International Criminal Court (ICC)

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Menu: What is the ICC? | When can cases be brought to the ICC? | Children and the ICC | Who can bring cases to the ICC? | Provisions for victims | NGOs participation | The Coalition for the ICC | The ICC and the International Criminal Court of Justice | The USA and the ICC |


What is the ICC?

The International Criminal Court (ICC) is an independent, permanent court that tries persons accused of the most serious crimes of international concern, namely genocide, crimes against humanity and war crimes.

Thomas Lubanga from the Democratic Republic of Congo became the first person to be charged by the International Criminal Court (ICC) with the war crime of enlisting children under 15 and using them to participate actively in hostilities. In January 2007, the pre-trial Chamber decided to proceed with a full trial against Lubanga. In August 2011, two and a half years after the trial began, the Chamber officially closed the trial phase of the ICC's first case.

When can cases be brought to the ICC?

The Rome Statute, which established the ICC, came into force in July 2002. The Court is not authorised to prosecute any crimes committed before the Statute came into force.

To date, the Statute has been ratified by 119 countries. This means they agree to prosecute the crimes listed in the Rome Statute where these crimes are committed on their territory or where they are perpetrated by one of their nationals.

The ICC is designed to complement existing national judicial systems. Cases can only be examined by the ICC when national courts are unable or unwilling to investigate or prosecute such crimes, thus acting as a ‘court of last resort’. Primary responsibility to bring alleged criminals to justice falls to individual States.

Children and the ICC

All crimes under the ICC's jurisdiction affect children. Genocide includes the forcible transfer of children from one group to another, with the intention of destroying a particular national, racial, ethnic or religious group. Crimes against humanity include trafficking in children. War crimes include recruiting and using children in armed conflict, attacking schools or hospitals and wilfully starving a population as a method of warfare.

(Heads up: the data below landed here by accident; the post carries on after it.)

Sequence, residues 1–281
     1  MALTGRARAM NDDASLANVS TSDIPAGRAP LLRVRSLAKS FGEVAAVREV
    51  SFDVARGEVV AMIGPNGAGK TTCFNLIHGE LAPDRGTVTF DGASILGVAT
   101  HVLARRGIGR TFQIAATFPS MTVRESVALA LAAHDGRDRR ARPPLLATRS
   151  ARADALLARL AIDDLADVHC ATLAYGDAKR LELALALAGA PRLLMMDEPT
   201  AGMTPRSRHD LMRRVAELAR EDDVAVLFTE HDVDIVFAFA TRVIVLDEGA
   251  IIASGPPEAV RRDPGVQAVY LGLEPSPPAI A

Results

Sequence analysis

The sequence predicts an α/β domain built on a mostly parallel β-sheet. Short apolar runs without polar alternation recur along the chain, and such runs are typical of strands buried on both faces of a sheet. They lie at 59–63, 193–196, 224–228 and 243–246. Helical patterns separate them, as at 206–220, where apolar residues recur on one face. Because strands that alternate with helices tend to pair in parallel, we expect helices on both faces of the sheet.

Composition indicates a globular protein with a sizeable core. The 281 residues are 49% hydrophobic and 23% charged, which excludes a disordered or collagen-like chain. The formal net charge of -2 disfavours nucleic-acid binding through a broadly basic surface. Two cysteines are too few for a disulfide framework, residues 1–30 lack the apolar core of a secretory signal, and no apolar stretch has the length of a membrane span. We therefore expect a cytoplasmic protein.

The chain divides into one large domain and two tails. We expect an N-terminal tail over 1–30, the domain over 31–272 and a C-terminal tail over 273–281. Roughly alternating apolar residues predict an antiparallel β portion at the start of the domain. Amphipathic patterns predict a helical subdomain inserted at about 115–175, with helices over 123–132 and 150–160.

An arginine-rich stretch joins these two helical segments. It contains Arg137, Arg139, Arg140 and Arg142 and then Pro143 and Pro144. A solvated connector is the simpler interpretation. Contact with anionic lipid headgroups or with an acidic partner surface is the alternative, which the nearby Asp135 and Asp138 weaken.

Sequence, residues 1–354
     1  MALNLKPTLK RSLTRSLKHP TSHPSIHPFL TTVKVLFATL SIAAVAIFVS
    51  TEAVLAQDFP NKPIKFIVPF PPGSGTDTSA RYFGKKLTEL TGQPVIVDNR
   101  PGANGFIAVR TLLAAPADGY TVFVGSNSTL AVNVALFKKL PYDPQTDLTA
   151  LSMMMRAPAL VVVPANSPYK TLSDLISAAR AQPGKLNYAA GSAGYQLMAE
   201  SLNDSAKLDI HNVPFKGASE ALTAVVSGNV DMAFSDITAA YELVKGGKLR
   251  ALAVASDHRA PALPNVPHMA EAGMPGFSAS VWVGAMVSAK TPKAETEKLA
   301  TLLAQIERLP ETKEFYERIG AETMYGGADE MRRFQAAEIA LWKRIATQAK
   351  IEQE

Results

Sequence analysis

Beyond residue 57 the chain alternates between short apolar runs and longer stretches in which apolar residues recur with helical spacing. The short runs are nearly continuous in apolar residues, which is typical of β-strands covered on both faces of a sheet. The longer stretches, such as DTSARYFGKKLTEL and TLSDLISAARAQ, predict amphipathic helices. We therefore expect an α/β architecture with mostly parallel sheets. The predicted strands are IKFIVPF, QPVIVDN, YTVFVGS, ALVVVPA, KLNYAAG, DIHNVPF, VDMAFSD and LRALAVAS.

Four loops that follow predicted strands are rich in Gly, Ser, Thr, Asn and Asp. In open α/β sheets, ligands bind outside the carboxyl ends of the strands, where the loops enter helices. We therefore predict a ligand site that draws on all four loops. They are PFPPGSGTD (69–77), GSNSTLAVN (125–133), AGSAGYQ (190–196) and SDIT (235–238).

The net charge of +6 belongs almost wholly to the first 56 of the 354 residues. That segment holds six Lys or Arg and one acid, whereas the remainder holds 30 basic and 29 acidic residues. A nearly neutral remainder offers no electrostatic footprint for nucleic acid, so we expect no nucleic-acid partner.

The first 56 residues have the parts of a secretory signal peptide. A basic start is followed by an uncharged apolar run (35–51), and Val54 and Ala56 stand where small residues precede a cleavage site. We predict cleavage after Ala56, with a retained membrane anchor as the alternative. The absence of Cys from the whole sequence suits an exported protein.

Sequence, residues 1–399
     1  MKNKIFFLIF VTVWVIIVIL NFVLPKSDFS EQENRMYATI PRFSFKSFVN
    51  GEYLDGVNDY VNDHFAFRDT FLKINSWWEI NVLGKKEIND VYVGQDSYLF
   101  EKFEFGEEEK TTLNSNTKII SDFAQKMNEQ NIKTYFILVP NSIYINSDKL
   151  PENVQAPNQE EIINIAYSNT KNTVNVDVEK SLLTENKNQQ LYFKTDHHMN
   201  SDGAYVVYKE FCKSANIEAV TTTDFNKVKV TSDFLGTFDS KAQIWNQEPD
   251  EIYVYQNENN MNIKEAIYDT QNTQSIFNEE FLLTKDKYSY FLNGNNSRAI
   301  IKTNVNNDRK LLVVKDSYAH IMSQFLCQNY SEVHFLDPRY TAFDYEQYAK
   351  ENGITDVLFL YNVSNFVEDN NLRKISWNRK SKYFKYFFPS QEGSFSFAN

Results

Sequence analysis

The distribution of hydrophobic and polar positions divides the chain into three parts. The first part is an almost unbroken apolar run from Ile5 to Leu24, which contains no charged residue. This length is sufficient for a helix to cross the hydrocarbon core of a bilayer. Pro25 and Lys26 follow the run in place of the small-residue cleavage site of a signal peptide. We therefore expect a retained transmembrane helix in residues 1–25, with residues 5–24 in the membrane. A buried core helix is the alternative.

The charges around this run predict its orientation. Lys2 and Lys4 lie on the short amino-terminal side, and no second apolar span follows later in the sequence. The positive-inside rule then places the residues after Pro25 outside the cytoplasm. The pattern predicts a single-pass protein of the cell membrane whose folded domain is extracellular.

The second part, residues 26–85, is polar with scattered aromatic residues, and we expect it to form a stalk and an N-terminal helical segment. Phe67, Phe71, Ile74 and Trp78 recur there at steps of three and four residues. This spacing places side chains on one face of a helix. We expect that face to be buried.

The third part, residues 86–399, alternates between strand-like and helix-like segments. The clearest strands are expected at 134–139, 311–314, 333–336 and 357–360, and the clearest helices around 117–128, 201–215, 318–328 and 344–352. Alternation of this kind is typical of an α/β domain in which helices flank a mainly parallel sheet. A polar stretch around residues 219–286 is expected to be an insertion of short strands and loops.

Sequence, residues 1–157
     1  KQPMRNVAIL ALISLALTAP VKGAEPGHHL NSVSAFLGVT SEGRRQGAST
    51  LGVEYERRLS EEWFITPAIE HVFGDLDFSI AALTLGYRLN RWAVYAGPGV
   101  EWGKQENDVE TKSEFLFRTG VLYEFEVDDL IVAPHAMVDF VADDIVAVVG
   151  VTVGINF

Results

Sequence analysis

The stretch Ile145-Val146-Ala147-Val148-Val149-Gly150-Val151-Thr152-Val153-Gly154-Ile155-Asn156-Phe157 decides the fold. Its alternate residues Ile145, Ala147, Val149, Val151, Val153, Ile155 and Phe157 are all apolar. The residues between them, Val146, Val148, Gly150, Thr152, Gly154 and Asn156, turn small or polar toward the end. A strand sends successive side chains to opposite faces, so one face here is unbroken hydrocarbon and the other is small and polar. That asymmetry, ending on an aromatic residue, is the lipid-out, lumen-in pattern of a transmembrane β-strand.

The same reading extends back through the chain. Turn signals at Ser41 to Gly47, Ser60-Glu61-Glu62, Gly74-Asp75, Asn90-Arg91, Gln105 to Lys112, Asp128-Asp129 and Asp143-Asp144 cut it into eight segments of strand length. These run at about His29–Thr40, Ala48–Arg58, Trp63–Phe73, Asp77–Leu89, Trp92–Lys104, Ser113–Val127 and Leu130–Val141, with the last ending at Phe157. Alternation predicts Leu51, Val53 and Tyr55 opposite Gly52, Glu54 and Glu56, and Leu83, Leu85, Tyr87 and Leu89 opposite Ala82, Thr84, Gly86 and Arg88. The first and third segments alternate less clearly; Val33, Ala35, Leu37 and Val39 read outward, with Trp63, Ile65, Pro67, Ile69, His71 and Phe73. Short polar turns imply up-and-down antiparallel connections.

The Rome Statute of 17 July 1998 was the first treaty to make the recruitment of child soldiers a crime under international law. Protocol II Additional to the Geneva Convention of 1977 and the Convention on the Rights of the Child (1990) created an obligation on the part of States to refrain from recruiting child soldiers, but did not make it a crime.

The Lubanga case is the first time the recruitment and use of children in armed forces, which is a war crime according to Article 8 of the Statute, has been given such a high profile in an international tribunal.

Six children - who were 10 years old at the time - are cited in the indictment against Lubanga, who led the Union of Congolese Patriots militia. Their experiences are said to reflect those of hundreds of other children. 

The ICC is also currently investigating situations in Uganda, Darfur, the Central African Republic and monitoring the situation in Cote d’Ivoire. It issued an indictment against five leaders of the Lord’s Resistance Army of Uganda including commander Joseph Kony in October 2005 for crimes against humanity which include the abduction and sexual enslavement of children. The first Darfur war crimes suspects were named in February 2007.

Who can bring cases to the ICC?

Cases can be brought by a State Party to the Rome Statute, the Prosecutor or the UN Security Council.

What provisions does the ICC make for victims?

Participation in the Court’s proceedings will, in most cases, take place through a legal representative. The victim-based provisions of the Rome Statute give victims an opportunity to have their voices heard and, where appropriate, to obtain some form of reparation for their suffering.